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Publication numberUS7013016 B2
Publication typeGrant
Application numberUS 10/841,141
Publication dateMar 14, 2006
Filing dateMay 7, 2004
Priority dateMay 9, 2003
Fee statusLapsed
Also published asDE10320861B3, EP1475994A2, EP1475994A3, US20040240694
Publication number10841141, 841141, US 7013016 B2, US 7013016B2, US-B2-7013016, US7013016 B2, US7013016B2
InventorsHerbert Wolf
Original AssigneeSiemens Audiologische Technik Gmbh
Export CitationBiBTeX, EndNote, RefMan
External Links: USPTO, USPTO Assignment, Espacenet
Ear wax guard
US 7013016 B2
Abstract
To prevent soiling of a hearing aid, the latter is provided with an exchangeable ear wax guard which, in the area of the sound outlet opening of the hearing aid, can be inserted into a sound tube. The ear wax guard is characterized in that, in order to improve its securing in the sound channel, it is provided with elevations at least in a subarea of its surface. On the surface of the ear wax guard, the density or size of the elevations preferably increases counter to the direction of insertion of the ear wax guard.
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Claims(10)
1. An ear wax guard for a hearing aid, the hearing aid comprising a microphone, an amplifier unit and a receiver, in which sound signals picked up by the microphone are amplified in the amplifier unit, are converted into acoustic signals by the receiver and are delivered via a sound tube to the eardrum, and in which the ear wax guard can be fitted entirely or partially into the sound tube, the ear wax guard comprising:
a surface of the ear wax guard for securing in the sound tube having a plurality of elevations which lie on a smooth surface of the sound tube having a frictional fit to generate a holding action, the plurality of elevations defining a means for continuously increasing a force of insertion as the ear wax guard is moved into the sound tube.
2. The ear wax guard as claimed in claim 1, wherein the elevations are distributed irregularly on the surface.
3. The ear wax guard as claimed in claim 1, wherein a density of the elevations on the surface increases in a direction counter to a direction of insertion.
4. The ear wax guard as claimed in claim 1, wherein a size of the elevations on the surface increases in a direction counter to the direction of insertion.
5. The ear wax guard as claimed in claim 1, wherein the elevations are formed asymmetrically in such a way that, starting from a bottom level of the surface of the ear wax guard, the elevations each gradually rise, counter to a direction of insertion, to a maximum elevation height and then fall back abruptly to the bottom level of the surface.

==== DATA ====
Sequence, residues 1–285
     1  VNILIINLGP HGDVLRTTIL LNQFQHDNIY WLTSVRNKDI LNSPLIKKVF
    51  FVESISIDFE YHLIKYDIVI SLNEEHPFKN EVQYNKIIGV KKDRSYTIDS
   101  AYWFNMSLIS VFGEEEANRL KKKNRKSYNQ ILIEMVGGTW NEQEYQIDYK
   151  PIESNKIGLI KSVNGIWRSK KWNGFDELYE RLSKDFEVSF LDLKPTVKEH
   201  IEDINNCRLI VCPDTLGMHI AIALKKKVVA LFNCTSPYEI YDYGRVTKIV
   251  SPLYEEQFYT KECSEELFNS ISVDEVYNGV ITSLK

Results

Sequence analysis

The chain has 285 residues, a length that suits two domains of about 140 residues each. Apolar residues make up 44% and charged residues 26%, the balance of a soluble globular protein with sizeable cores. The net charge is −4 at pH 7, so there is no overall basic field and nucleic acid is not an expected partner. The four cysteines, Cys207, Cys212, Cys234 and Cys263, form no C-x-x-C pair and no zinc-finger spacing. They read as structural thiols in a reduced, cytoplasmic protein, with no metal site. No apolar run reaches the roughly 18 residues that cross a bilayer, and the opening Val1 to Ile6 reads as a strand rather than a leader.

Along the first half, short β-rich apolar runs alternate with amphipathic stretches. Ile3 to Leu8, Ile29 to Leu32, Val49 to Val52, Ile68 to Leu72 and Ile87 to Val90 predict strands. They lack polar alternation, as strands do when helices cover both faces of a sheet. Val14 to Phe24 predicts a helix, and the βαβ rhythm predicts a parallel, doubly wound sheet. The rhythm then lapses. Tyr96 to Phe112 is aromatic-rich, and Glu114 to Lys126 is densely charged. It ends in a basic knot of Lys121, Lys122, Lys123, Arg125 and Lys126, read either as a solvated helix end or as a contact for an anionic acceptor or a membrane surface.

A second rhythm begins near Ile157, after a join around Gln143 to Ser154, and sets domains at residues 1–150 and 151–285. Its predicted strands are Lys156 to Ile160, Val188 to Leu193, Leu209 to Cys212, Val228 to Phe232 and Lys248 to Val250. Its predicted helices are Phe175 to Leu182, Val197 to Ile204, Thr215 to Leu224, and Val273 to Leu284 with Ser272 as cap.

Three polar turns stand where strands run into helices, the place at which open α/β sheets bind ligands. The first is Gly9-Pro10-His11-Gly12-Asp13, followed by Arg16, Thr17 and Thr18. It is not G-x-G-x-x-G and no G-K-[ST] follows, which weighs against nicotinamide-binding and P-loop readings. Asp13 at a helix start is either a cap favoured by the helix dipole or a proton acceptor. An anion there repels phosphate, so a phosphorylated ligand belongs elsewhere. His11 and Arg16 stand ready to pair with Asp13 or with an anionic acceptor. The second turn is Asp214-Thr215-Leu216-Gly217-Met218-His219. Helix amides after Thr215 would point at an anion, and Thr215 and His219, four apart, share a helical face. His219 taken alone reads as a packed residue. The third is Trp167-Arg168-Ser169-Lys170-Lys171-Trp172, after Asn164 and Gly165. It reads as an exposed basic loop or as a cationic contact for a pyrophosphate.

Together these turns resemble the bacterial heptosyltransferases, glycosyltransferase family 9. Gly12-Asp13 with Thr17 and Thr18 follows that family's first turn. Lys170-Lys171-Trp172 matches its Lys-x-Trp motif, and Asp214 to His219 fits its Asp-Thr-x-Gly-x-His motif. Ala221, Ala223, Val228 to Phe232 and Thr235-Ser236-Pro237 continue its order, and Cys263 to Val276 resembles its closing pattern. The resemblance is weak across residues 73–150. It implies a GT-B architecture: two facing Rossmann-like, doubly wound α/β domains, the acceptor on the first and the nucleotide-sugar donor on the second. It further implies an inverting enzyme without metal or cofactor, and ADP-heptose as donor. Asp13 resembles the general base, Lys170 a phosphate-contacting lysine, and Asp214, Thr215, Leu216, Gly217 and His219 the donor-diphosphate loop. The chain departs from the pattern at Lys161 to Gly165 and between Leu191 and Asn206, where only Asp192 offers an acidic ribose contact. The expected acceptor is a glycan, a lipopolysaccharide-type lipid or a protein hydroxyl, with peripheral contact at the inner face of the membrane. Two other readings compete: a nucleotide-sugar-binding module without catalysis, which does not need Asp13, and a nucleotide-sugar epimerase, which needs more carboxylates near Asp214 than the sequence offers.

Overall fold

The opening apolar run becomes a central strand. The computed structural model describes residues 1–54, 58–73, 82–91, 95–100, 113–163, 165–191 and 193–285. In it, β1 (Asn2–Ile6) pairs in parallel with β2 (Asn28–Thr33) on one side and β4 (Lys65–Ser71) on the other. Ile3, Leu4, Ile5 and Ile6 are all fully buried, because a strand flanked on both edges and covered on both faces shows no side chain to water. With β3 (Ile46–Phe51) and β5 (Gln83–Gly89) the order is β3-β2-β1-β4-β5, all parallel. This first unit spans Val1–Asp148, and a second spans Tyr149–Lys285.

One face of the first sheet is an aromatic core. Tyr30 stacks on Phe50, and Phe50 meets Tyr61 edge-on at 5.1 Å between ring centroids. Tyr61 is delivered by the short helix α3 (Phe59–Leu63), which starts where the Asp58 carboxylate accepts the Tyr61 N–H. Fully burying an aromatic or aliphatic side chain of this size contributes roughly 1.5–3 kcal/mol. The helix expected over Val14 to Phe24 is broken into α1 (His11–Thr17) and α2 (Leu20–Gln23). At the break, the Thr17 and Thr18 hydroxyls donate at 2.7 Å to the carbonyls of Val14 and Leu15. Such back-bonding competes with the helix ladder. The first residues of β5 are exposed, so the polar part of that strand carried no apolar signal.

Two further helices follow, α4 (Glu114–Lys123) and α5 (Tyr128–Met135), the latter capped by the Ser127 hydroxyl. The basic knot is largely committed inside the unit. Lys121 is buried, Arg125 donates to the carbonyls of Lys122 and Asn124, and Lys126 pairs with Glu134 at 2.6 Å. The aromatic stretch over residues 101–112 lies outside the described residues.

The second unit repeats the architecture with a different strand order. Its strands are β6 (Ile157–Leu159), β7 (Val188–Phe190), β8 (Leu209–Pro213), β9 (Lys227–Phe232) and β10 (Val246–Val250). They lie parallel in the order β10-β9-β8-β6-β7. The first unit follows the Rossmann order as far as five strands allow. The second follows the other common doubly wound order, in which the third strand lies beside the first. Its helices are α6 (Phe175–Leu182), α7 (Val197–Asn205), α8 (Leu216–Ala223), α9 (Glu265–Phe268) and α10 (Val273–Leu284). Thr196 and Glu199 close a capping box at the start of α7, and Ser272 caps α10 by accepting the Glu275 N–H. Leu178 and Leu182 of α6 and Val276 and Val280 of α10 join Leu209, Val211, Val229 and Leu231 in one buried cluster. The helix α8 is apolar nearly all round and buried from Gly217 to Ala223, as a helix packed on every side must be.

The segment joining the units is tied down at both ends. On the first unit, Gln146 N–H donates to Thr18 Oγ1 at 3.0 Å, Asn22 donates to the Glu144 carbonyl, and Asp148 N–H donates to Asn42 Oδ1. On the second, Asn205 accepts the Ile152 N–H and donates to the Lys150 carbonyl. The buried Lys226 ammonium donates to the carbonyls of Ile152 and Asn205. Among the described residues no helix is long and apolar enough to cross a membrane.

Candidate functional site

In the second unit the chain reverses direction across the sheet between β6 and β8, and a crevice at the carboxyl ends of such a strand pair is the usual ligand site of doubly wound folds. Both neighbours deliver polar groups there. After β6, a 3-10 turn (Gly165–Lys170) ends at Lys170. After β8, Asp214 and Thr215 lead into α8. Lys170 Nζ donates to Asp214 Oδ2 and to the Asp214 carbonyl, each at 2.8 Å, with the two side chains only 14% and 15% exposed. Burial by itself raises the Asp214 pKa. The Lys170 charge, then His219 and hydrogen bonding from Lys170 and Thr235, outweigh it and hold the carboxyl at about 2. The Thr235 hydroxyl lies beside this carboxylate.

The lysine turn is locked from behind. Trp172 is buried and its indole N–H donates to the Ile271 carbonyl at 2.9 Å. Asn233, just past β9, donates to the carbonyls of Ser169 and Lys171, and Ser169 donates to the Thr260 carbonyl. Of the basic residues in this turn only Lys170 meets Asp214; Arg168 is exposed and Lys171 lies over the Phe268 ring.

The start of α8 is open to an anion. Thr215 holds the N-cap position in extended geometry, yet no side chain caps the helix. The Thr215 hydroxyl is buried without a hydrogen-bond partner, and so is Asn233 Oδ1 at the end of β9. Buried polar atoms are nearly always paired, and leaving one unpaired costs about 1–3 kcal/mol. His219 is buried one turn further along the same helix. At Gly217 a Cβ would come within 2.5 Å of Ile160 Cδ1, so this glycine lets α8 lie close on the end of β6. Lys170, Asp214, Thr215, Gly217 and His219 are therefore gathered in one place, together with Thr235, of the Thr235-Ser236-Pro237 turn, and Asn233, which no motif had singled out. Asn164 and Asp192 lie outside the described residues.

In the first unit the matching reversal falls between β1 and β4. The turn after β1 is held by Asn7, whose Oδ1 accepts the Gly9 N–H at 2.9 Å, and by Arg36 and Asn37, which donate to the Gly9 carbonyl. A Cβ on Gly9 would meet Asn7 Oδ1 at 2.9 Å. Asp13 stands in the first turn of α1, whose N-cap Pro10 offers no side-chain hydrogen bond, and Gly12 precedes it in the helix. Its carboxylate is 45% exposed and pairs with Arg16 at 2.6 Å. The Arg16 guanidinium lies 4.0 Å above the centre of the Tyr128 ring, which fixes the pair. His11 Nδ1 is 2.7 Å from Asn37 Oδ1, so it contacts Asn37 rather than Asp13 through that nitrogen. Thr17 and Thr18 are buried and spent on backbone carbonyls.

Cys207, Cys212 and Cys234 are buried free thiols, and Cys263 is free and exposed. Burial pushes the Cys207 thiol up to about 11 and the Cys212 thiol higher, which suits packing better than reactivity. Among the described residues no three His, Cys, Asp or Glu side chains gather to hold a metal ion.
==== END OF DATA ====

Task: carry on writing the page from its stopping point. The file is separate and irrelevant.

6. The ear wax guard as claimed in claim 5, wherein the elevations have a substantially triangular base surface, a point of a triangle in each case being oriented in the direction of insertion.
7. The ear wax guard as claimed in claim 1, wherein the elevations have a substantially round outer shape.
8. The ear wax guard as claimed in claim 1, wherein the elevations have a substantially oval outer shape.
9. The ear wax guard as claimed in claim 1, further comprising:
a bow which is mounted integrally on a rear end of the ear wax guard, in relation to the direction of insertion, and on which a tool can engage in order to withdraw the ear wax guard from the sound tube.
10. A hearing aid comprising:
a microphone;
an amplifier unit;
a receiver, in which sound signals picked up by the microphone are amplified in the amplifier unit, are converted into acoustic signals by the receiver and are delivered via a sound tube to the eardrum; and
an ear wax guard that can be fitted entirely or partially into the sound tube, the ear wax guard comprising:
a surface of the ear wax guard for securing in the sound tube having a plurality of elevations which lie on a smooth surface of the sound tube having a frictional fit to generate a holding action, the plurality of elevations defining a means for continuously increasing a force of insertion as the ear wax guard is moved into the sound tube.
Description
BACKGROUND OF THE INVENTION

The invention relates to an ear wax guard for a hearing aid which comprises at least a microphone, an amplifier unit and a receiver, in which sound signals picked up by the microphone are amplified in the amplifier unit, are converted into acoustic signals by the receiver, and are delivered via a sound channel to the eardrum, and in which the ear wax guard can be fitted entirely or partially into the sound channel.

International Patent Publication WO99/07182 A2 discloses an acoustic coupler with an ear wax guard. On assembly of the coupler, a receiver is mounted in a housing which is provided with a thread or a toothed surface and in this way can be screwed into the coupler or can be locked in notches of the coupler.

International Patent Publication WO 00/03561 discloses an ear wax guard which can be inserted into the sound outlet opening of a hearing aid and can be removed from this again for replacement. The ear wax guard has a substantially cylindrical outer shape and is provided with a bead via which the ear wax guard is secured in a sound tube. A disadvantage of this securing method is the non-uniform force which is exerted on the sound tube upon insertion of the ear wax guard into the sound tube and upon its removal therefrom. In the least favorable scenario, this can lead to the sound tube coming loose from the housing of the hearing aid in the area of the sound outlet opening. Moreover, the bead can lead to a kind of memory effect in the sound tube. In this way, there is a permanent deformation of the sound tube in the area of the bead. However, this impairs the securing of the ear wax guard in the sound tube and can even lead to its loss.